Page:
Jan Potocki, bearer of the Pilawa coat of arms, was a Polish author who wrote in French, famous for The Manuscript Found in Saragossa.
He was born on March 8th 1761 in Pików in the Podole region, and he commited suicide on December 23rd 1815 in Uładówka, close to Pików.
Potocki was the first Polish archaeologist and a researcher of Slavic antiquities. A scholar, fascinated with new scientific concepts, a freethinker and an idealist, he was a bright mind who was before his time. As Aleksandra Kroh writes in the biography Jan Potocki. Daleka podróż (Jan Potocki. A Long Journey, 2007):
He was a citizen of three countries and a subject of six sovereigns. Born in Ukraine, he grew up surrounded by French language and culture, he became an officer of the Austrian army, a Knight of Malta, an emissary of the Great Sejm, an advisor of the tsar Alexander I on the questions of Asia, and he was also a great historian, ethnologist, linguist and traveller who visited Morocco, Egypt, Caucasus, Siberia, China and almost every European country.
He was born into an aristocratic family. His father was Józef, a great krajczy ("carver", an honorary title) of the crown, one of the leaders of the Radom Confederation. His mother was Teresa Potocka. As a seven-year-old boy he left the country and started his education in Lausanne and Geneva. He often visited Paris and spoke French very well. Only after returning to Poland in 1778 did he speak Polish again.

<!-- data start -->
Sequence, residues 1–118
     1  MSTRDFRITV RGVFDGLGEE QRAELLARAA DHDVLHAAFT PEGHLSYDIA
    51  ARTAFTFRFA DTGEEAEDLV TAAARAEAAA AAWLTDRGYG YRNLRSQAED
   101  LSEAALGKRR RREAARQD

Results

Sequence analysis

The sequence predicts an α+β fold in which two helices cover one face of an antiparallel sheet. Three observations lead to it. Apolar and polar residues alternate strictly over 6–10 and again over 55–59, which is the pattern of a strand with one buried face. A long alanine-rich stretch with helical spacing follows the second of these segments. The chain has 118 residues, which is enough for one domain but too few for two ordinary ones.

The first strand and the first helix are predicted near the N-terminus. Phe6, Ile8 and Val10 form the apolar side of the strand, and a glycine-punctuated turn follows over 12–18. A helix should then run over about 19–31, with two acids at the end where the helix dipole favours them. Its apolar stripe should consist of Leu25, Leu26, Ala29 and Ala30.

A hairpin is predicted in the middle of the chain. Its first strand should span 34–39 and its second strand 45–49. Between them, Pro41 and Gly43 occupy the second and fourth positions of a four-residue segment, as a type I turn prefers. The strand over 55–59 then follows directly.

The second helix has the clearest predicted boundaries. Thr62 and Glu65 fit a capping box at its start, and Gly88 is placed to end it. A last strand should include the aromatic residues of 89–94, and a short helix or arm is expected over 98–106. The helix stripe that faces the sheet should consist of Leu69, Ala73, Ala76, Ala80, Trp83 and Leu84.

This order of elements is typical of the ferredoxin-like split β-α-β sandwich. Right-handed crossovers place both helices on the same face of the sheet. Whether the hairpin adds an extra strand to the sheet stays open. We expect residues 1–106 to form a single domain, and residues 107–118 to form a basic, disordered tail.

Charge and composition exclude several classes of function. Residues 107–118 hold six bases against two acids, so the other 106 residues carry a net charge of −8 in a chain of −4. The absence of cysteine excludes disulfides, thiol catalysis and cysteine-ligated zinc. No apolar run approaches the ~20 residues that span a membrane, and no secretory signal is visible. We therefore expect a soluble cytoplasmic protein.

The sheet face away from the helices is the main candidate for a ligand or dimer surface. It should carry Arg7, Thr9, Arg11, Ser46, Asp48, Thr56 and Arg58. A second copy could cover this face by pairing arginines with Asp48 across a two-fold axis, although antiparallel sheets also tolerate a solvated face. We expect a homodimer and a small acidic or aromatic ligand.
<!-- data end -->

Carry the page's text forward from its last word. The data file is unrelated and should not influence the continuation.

He travelled to Turkey and Egypt (1784), The Netherlands (1787), Spain and Morocco (1791), Lower Saxony (1794) and to Caucasus (1797-1798). He served in the Austrian army and fought Berber pirates on the Mediterranean sea. He documented his adventures and some of his notes were translated into Polish by Julian Ursyn Niemcewicz. He was one of the first researchers of Slavic history and archaeology. He put his discoveries in the books Recherches sur la Sarmatie (1789-1792) and Histoire primitive.
After returning to Poland he was appointed as an emissary of the Great Sejm, where he worked actively for the reformers. In September 1788 he created the Drukarnia Wolna (“Free Printing-House”), which published a weekly newspaper, Journal Hebdomadaire de la Diète, reporting on the Sejm debates.
After the king joined the Targowica Confederation, Potocki moved to Łańcut. In 1792 he wrote Recueil des Parades, a commedia dell’arte play for the courtly stage.
From 1803 Jan Potocki was a member of the Warsaw Society of Friends of Learning. Thanks to the influence of Adam Czartoryski, who was the minister of foreign affairs working for tsar Alexander I, he was designated as the chair of a research team (linguists, ethnographers, naturalists) next to the Russian mission of 240 members, which was supposed to travel to China in 1805. When the Russian ambassador refused to pay homage to the representative of the Chinese emperor, on February 19th 1806, the mission had to come back.
In the report sent to Czartoryski, which was found not long ago in family archives, he analysed the causes of the conflict in a masterful way. He regretted that the Russian emissary had been so self-righteous and incompetent. He underlined how important differences in mentality and governing are. Afterwards he also drew up a memorial for the Asian department in Petersburg: there he underlined the question of Siberia’s economic independence.